The Bicycle Cycle

Felkerino and the SimpleOne on a fall morning commute

Given this week’s temperate weather, I’ve heaved a big sigh of relief and welcomed the idea that fall will soon be (if it is not already) here.

Fall is my favorite time of year for bike riding. Ironically, fall is often when my monthly mileage slacks off, at least for a couple of months. As I looked over the way that Felkerino and I plan our riding, I realized that the fall months really represent cycling for fun and relaxation.

That got me thinking about what I see as our “bicycle cycle,” and I realized that our bicycle cycle follows the four seasons.

Continue reading “The Bicycle Cycle”

On Bicycling and Other Pursuits: How Much is Enough?

The past couple of weeks I have not spent much time on the bike. Rather I’ve been catching up on things that went neglected while Felkerino and I focused on the brevets and our trip to Colorado for the High Country 1200K.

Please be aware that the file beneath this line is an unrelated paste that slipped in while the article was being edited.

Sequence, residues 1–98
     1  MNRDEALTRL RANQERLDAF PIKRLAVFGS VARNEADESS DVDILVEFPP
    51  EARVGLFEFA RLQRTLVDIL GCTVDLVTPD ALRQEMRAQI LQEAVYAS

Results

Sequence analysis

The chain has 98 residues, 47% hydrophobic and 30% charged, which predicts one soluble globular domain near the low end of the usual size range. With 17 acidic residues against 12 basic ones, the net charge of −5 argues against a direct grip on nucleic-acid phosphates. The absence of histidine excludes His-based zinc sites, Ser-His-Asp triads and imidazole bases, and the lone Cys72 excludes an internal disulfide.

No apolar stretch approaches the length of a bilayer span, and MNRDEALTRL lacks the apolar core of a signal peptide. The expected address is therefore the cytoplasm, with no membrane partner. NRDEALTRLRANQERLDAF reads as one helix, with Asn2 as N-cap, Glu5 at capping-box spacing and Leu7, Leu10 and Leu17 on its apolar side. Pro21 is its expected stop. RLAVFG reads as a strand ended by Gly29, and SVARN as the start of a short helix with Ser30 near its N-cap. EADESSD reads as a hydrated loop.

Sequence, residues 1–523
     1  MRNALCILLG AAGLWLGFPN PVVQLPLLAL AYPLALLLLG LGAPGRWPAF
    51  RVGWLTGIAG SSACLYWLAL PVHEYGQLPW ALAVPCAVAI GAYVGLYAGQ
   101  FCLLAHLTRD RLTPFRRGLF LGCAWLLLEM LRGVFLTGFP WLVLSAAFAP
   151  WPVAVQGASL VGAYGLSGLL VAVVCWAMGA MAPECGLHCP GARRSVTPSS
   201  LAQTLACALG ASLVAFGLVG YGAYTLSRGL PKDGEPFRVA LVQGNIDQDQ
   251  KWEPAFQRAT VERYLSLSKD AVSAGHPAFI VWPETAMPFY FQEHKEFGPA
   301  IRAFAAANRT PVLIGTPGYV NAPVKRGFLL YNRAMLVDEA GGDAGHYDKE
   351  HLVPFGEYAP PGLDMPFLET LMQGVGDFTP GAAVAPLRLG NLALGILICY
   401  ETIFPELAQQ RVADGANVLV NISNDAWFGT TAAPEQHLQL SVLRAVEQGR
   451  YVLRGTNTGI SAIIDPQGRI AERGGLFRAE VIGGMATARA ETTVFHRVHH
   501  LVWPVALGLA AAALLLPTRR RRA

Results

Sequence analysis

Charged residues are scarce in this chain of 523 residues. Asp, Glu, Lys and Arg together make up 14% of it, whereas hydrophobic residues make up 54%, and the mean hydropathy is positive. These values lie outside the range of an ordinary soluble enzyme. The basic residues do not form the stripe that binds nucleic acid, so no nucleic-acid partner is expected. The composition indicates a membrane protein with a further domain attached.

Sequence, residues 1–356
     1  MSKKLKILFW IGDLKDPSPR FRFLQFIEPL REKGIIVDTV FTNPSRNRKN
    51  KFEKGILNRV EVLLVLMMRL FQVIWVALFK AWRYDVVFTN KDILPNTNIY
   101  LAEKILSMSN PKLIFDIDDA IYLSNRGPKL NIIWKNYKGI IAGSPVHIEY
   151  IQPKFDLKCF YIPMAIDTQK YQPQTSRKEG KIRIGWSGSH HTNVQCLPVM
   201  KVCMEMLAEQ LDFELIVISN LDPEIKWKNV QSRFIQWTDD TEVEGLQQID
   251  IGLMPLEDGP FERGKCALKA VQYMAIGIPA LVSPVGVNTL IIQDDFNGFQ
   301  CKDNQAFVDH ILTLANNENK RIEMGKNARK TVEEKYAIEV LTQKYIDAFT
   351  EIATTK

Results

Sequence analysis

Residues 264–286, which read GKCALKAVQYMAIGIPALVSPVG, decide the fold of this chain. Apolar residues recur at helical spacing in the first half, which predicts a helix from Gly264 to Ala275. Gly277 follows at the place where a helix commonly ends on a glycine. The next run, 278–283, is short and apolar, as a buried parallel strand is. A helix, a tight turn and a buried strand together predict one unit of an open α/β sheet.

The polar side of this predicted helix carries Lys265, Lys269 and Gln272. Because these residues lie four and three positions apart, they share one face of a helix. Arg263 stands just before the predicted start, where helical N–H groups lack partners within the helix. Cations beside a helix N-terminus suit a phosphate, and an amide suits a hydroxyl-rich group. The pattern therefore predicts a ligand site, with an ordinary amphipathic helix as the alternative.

It’s been a nice release to know that our big bicycling event for the year has come and gone and that it went well. However, the off-the-bike time also got me thinking about how much bike riding is enough.

Look, I know I have a good life if whether I rode my bike enough is one of my main existential questions. Nevertheless, I’m still giving it considerable thought.

This past weekend I tabulated my miles and looked at my mileages and cycling and running events. Here’s what the log showed so far for 2012:

Continue reading “On Bicycling and Other Pursuits: How Much is Enough?”

Pre-Ride Jitters: High Country 1200K

I regularly get some form of the pre-ride jitters before intense multi-day cycling events. I don’t sleep well. I keep thinking I’m forgetting something. The longer the event and the more complicated the travel logistics, the greater the jitters. Continue reading “Pre-Ride Jitters: High Country 1200K”